Libs, Green spat help­ing NDP

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The Prince George Citizen - - FRONT PAGE - ROB SHAW Van­cou­ver Sun

.C.’s New Demo­crat gov­ern­ment is watch­ing most of its bills sail un­changed through its first ses­sion of the leg­is­la­ture, in part be­cause the prov­ince’s two op­po­si­tion par­ties can’t – or won’t – work to­gether to ac­com­plish any­thing.

Changes to the prov­ince’s lob­by­ing rules late last week pro­vided the per­fect ex­am­ple of the dis­trust­ful and dys­func­tional re­la­tion­ship that’s built up be­tween the B.C. Lib­er­als and Greens.

The 41 Lib­er­als and three Greens hold enough votes to over­whelm Premier John Hor­gan‘s 41 New Democrats. They could have al­tered his flawed lob­by­ing re­forms, which con­tain mas­sive loop­holes, to give the leg­is­la­tion some real teeth. Both sides in­sisted they wanted change. Both sides drafted amend­ments. And yet, in the end, the Lib­er­als and Greens ended up in a cor­ner squab­bling among them­selves while the NDP passed its bill into law, un­touched.

The whole sad spec­ta­cle seems to have proven the Lib­er­als and Greens can’t co-op­er­ate even on things they agree upon. There’s still a lot of re­sent­ment within the Lib­er­als for Green Leader Andrew Weaver’s de­ci­sion to sup­port the NDP this sum­mer top­ple the Lib­eral gov­ern­ment, and in­stall Hor­gan as premier. And there re­mains a lot of hubris waft­ing from the Greens, who, for a party of only three MLAs, have wielded ex­tra­or­di­nary power in re­cent months and clearly ex­pect their over­sized in­flu­ence to con­tinue.

Bri­tish Columbians are the ones pay­ing for the dys­func­tion be­tween the two op­po­si­tion par­ties, in the form of sub­stan­dard NDP laws that could have been fixed.

The lob­by­ing re­forms are a case in point. The NDP law is ba­si­cally a sim­ple two-year ban on cab­i­net min­is­ters, po­lit­i­cal staff and se­nior civil ser­vants from us­ing their in­side knowl­edge to profit as a lob­by­ist within 24 months of leav­ing their gov­ern­ment jobs.

Yet the law only ad­dresses one of five rec­om­men­da­tions to fix lob­by­ing made by B.C.’s in­de­pen­dent Of­fice of the Reg­is­trar of Lob­by­ists, and fails to tackle such things as record­ing the names of peo­ple or or­ga­ni­za­tions that stand to ben­e­fit from the lob­by­ing or re­mov­ing a pro­vi­sion to al­low in-house lob­by­ists to lobby for 100 hours be­fore reg­is­ter­ing.

Lib­eral critic Lau­rie Throness tried to amend the bill to fix an­other prob­lem. He pro­posed to ex­pand the law to cover or­di­nary MLAs, staff who work in the NDPGreen power-shar­ing sec­re­tariat and peo­ple who sat on the NDP’s tran­si­tion team this sum­mer as it pre­pared to form gov­ern­ment. All hold pow­er­ful in­sider knowl­edge of gov­ern­ment oper­a­tions that could be ex­ploited for per­sonal gain in lob­by­ing.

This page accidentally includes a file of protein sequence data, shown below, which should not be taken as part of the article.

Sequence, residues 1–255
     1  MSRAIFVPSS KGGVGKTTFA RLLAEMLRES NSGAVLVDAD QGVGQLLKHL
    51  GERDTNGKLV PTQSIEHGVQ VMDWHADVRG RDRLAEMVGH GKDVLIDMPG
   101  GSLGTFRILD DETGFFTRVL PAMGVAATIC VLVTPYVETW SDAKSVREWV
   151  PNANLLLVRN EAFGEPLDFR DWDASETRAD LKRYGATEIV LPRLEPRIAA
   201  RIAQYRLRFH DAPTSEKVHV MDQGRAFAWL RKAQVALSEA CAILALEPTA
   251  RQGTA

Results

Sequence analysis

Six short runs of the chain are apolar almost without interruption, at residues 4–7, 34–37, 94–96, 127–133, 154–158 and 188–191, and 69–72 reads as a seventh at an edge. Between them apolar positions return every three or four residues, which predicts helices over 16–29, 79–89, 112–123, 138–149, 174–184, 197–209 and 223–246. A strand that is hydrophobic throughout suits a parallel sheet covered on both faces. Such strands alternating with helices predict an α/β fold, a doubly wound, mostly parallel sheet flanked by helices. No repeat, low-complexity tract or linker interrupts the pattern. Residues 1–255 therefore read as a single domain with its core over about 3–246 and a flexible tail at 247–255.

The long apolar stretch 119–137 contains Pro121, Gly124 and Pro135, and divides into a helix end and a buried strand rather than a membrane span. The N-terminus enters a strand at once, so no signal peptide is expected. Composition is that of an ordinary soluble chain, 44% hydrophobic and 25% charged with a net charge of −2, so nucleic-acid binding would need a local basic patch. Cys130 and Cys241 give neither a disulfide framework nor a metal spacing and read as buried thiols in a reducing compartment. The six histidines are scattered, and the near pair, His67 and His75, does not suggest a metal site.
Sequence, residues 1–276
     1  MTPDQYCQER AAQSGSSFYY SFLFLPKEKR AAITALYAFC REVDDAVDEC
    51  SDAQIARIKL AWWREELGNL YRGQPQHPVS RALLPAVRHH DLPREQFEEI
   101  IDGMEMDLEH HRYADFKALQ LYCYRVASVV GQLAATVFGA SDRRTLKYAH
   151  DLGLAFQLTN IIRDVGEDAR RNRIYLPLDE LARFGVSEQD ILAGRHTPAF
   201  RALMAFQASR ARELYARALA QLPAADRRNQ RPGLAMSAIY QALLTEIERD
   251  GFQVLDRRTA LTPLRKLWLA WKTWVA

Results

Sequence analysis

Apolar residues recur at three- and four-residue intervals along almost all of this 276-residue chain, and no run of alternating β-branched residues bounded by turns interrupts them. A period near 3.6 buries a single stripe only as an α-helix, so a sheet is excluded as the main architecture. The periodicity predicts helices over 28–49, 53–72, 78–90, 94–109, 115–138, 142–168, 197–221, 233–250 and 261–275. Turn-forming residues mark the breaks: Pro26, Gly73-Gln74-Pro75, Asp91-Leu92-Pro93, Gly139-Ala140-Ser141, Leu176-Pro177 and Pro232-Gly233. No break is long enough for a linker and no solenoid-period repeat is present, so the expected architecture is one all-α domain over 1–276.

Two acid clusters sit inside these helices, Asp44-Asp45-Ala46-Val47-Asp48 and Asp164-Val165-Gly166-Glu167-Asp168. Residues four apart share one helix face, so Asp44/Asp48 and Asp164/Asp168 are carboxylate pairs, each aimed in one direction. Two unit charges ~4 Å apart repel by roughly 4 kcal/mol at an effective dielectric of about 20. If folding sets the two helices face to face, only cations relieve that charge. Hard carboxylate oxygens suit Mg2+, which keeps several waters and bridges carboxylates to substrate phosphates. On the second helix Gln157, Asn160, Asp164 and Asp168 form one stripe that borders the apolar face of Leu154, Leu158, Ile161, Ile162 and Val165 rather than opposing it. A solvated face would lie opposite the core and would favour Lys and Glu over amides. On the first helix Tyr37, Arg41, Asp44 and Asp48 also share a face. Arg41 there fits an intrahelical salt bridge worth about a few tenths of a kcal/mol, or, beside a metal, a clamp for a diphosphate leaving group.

“There are cat­e­gories of peo­ple who are not cap­tured by the bill but who are, nonethe­less, in­flu­en­tial in gov­ern­ment,” he said. “We be­lieve that the gov­ern­ment has pur­posely left them out in or­der to pro­tect its own favourites so that they will have the op­tion of go­ing on im­me­di­ately af­ter leav­ing of­fice to have a lu­cra­tive ca­reer as a lob­by­ist.”

At­tor­ney Gen­eral David Eby said the amend­ment was rife with un­en­force­able lan­guage – at one point it pro­posed to ap­ply to any­one with “in­side gov­ern­ment in­for­ma­tion,” for which Eby said there’s no le­gal def­i­ni­tion.

With the NDP op­posed, the fate of the lob­by­ing re­forms rested with the Greens.

Weaver was up­set Throness didn’t tell him about his changes un­til the night be­fore they were in­tro­duced Thurs­day. He thought Throness should have put his amend­ment – which only had three clauses – through a new leg­isla­tive draft­ing process for op­po­si­tion par­ties. Those seemed like solv­able prob­lems, in the mo­ment.

The Greens had their own lob­by­ing amend­ments, which would have added monthly re­port­ing and a five-year rolling re­view of the law. But they were never in­tro­duced for a vote. In­stead, the Greens cut a deal with the NDP to hold off on the re­forms un­til late 2018, when a sec­ond NDP lob­by­ing bill might come for­ward af­ter a round of pub­lic con­sul­ta­tion. Key word: might. In the mean­time, the loop­holes re­main wide open for a full year.

At the end of the day, Eby’s flawed lob­by­ing bill passed into law, prob­lems and all, with­out a sin­gle change.

Hardly a proud mo­ment of leg­isla­tive co-op­er­a­tion by op­po­si­tion par­ties that seemed to share the same goal, but let per­sonal an­i­mos­ity, pol­i­tics and ego get in the way of ac­tu­ally do­ing their jobs on be­half of the pub­lic.

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